Sunday, February 24, 2013

White Star Laundry Hanger


I found something interesting yesterday. Lying on the back of the couch was this vintage wooden clothes hanger from the White Star Laundry, Ltd. in Hilo, Hawaii (“THE LARGEST LAUNDRY & DRY CLEANING PLANT IN HILO, PHONE 2000, KAMEHAMEHA AVE”).
When I asked the wife about it, she said she’d been using it to hang her jacket. Amazed, I told her that it’s very old, just look at the four-digit phone number. I figure her father, who originally was from Hilo, had taken it with him when his family moved to Maui, then just continued to use it, using it to carry a clothes item from house to house whenever he moved.
So it ended up in his closet here, and the wife began using it.
White Star was founded in 1909 by Luso Joseph Fernandez, an employee of Elite Laundry on Kalakaua Street. The original White Star was on Kapiolani Street by Hall Street. Fernandez wold it to Hilo Steam Saundry in 1910, who then resold it to Bob Gillespie when the bank foreclosed.
Gillespie sold it to a Japanese employee group led by Takeo Tanabe, who operated the laundry before moving it to Kamehameha Avenue in 1924. John Kai bought it in 1929 and renamed the laundry White Star Laundry. It went through a couple more owners – John Magoon and Doc Hill, who eventually closed it for good in 1938.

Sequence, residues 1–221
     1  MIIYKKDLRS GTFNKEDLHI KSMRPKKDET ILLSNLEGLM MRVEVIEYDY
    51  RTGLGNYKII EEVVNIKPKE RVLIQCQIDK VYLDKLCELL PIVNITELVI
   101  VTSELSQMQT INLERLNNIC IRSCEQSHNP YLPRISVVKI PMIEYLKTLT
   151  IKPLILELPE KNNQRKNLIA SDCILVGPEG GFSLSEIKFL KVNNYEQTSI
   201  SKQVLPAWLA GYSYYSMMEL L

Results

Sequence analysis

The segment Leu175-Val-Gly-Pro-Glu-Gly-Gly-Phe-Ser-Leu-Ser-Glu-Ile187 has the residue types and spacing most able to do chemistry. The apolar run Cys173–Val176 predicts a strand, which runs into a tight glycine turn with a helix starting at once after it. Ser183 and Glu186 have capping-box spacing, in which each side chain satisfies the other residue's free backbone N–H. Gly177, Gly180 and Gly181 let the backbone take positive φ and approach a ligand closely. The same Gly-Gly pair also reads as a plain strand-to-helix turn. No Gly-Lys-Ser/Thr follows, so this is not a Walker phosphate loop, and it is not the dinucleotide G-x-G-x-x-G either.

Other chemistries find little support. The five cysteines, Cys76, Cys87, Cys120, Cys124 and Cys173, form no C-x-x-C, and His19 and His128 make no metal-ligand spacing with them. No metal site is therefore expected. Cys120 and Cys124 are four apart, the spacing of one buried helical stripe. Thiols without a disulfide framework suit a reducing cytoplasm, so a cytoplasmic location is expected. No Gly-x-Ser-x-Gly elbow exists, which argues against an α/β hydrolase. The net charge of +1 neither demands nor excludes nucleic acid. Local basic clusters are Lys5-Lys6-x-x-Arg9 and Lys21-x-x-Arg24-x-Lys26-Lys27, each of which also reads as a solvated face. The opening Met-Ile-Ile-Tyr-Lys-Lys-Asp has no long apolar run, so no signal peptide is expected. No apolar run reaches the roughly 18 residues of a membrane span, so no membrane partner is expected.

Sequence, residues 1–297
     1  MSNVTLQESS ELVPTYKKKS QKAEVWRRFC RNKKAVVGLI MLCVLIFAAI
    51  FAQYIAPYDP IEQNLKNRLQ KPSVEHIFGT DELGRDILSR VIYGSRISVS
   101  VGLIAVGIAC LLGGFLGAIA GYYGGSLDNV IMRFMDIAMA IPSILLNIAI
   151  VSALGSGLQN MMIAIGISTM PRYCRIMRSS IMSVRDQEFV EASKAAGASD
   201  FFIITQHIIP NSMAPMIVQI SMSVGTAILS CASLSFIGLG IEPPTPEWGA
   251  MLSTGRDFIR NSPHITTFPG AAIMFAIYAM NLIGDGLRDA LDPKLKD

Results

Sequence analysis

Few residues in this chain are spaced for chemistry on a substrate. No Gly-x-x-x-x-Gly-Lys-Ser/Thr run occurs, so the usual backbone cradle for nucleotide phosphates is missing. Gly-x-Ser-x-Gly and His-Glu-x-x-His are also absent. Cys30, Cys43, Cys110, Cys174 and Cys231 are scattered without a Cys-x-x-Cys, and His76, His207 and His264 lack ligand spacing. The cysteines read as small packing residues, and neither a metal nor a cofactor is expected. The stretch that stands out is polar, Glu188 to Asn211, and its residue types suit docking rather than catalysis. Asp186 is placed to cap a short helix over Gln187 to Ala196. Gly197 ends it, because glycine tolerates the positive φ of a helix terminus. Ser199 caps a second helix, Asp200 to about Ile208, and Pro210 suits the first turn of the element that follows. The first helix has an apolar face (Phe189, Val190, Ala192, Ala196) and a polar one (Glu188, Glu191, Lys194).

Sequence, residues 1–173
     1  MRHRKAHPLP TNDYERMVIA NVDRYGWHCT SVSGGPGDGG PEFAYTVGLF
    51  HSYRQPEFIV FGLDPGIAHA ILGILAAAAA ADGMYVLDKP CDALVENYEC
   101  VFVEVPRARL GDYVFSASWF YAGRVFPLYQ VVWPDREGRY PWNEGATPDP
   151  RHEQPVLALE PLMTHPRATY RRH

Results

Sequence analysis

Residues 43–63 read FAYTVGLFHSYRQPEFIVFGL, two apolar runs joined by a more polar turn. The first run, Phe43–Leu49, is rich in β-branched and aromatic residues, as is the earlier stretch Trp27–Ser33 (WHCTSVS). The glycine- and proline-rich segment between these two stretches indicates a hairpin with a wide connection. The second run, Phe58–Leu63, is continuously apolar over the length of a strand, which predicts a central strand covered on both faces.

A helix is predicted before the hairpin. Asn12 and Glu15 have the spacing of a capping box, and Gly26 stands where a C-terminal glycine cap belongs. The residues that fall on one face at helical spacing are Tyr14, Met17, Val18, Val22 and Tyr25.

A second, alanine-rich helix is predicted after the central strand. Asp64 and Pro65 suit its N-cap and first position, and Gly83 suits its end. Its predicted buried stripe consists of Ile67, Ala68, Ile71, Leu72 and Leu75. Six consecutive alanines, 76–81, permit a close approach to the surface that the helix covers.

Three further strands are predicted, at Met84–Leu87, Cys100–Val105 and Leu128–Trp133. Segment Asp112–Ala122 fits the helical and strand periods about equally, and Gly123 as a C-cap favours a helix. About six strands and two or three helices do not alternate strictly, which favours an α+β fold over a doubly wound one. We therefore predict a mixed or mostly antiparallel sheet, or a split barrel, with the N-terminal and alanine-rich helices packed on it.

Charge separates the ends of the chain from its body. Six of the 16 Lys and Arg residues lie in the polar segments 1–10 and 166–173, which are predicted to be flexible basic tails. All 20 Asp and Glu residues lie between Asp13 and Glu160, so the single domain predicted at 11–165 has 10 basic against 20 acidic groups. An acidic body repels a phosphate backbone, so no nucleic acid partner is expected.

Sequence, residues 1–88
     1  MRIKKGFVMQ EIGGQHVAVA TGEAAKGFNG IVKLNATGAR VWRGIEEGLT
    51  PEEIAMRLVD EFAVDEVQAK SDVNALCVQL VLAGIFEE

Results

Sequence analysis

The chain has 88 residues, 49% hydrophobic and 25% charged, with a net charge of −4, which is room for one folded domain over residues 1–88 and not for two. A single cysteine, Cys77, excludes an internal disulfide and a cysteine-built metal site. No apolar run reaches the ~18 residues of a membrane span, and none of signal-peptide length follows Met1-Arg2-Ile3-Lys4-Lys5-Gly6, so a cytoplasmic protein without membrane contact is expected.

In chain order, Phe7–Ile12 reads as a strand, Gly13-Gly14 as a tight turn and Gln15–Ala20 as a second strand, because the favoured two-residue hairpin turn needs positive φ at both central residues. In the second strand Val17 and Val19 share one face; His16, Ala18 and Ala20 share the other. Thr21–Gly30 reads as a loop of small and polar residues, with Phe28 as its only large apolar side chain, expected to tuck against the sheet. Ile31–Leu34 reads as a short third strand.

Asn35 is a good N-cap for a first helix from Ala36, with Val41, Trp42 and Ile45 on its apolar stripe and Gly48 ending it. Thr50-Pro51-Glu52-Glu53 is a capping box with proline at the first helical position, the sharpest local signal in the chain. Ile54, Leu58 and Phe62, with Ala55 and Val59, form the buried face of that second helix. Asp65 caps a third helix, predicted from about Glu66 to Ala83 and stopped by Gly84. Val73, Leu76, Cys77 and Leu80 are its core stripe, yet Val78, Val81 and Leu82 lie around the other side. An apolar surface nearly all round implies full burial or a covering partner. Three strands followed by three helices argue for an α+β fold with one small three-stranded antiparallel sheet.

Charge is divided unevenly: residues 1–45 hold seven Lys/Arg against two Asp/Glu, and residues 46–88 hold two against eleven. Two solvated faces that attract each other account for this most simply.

In 1935, the first Hawaii modern trade union was organized – the International Longshore & Warehouse Union – by Harry Lehua Kamoku (1905-1957). Joining the union sometime between 1936 and 1938 were workers at White Star Laundry.
White Star employees participated in the Hilo unions’ support of the Boatsman Union, which was on strike in Honolulu. According to Gabriel Manning, the “Hilo Massacre” of August 1, 1938, White Star Laundry girls jumped into Hilo Bay when shots were fired.
The laundry building became the site of the Western Store (that’s what I remember occupying the building) until McDonald’s moved in.
Wondering what the value of such a relic (in good condition) is, I checked eBay and found that one recently sold for $9 on Dec. 8; soon after, one sold for $12 on Dec. 30.
So now, the question is … what do I want to do with this obviously very old souvenir relic of my hometown’s past? The wife gave it to me and told me to do whatever I wanted with it. She’s not the very nostalgic type, and getting a few dollars for it would make her happy.
Me? I enjoy looking up the history of things and writing about it. But then again, I tend not to be so sentimental about holding onto old stuff these days.

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